Squamish may need an extra $1.38 million in taxes for 2020 

District also considers setting aside money for new staff positions

click to enlarge hoto: SQUAMISH CHIEF/FILE PHOTO
  • hoto: SQUAMISH CHIEF/FILE PHOTO

During preliminary budget talks for 2020, municipal staff said they may need to increase tax revenue by close to $800,000, or 2.7%, to pay the town's bills.

According to their initial calculations, Squamish needs an extra $1.38 million, a jump of about 4.7%.

However, at the same time, the District anticipates it will be getting close to an extra $600,000 due to population growth.

This could partially offset the need for increased revenue, and is the reason why they believe a revenue increase of 2.7% is the likely result.

The number is still subject to change, as these budget discussions, which took place on Dec. 3, are preliminary. Council has not signed off on anything yet.

Revenue increases represent the overall amount of money that the District needs, not the amount individuals will be billed during tax season.

"This is not necessarily what will happen to you or your neighbour, but more globally, the increase in revenue required to be funded by tax," said Rolland Russell, a financial analyst with the District.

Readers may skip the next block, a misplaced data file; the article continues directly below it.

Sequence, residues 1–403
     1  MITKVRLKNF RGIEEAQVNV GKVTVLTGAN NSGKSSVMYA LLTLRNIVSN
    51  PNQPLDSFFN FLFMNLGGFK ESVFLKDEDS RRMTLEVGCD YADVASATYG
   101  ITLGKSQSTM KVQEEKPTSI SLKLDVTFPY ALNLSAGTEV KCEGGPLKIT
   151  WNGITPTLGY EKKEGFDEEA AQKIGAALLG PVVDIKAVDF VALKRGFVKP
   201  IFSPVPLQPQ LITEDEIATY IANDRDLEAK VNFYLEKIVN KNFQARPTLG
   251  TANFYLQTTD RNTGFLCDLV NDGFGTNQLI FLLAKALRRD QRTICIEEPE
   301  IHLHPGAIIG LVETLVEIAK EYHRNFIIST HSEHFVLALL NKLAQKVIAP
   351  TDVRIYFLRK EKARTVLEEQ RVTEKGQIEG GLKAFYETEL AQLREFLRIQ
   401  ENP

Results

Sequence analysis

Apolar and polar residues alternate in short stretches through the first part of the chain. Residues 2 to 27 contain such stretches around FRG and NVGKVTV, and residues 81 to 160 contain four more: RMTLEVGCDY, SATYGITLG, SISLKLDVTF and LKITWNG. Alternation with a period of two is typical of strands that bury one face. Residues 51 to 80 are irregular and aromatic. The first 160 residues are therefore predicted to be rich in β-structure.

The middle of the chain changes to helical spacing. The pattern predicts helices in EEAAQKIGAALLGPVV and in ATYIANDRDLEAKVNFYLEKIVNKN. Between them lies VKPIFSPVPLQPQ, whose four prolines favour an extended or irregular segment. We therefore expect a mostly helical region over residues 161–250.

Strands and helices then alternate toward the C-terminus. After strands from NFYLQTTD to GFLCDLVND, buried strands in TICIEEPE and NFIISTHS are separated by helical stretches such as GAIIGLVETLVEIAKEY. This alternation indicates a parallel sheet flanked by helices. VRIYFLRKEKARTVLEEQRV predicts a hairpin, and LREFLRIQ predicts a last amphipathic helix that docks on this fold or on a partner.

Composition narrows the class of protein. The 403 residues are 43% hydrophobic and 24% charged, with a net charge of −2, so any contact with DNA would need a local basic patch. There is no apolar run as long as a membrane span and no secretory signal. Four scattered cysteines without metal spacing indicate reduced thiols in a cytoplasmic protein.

Specific rates will be determined at a later time, after council decides how it wants to divide the tax burden between residential, commercial, industrial and so forth.

Furthermore, the province's property assessments for 2019 year have yet to be released. These assessments are used to determine how much individuals pay in property taxes.

Broadly, the total $1.38 million increase is the result of two spending categories — changes to existing service levels and new initiatives.

District staff estimate an increase of about $730,000 as a result of changes in existing service levels, which is broken down into net labour costs, contract changes and debt.

First, Russell said, about $260,000 of that amount is due to changes of net labour costs. This is a result of changes in contract costs with CUPE and the IAFF unions, among other things. It also reflects full annual pay coming into effect for positions that were approved in previous budgets.

"We think the administration has done a very good job of maintaining their cost structure and keeping control over overall personnel costs," Russell said.

Second, about $180,000 is the result of contract changes with BC Transit and the RCMP, Russell said.

Increases in bus services are a contributing factor, while RCMP services have become more costly due to inflation.

Third, about $325,000 is the result of debt, much of which can be attributed to computer upgrades and diking, Russell said.

For the new initiatives, that spending is anticipated to make up about $655,000 of the total tax revenue increase of $1.38 million.

This could include new staffers or equipment or services.

This article originally appeared here.

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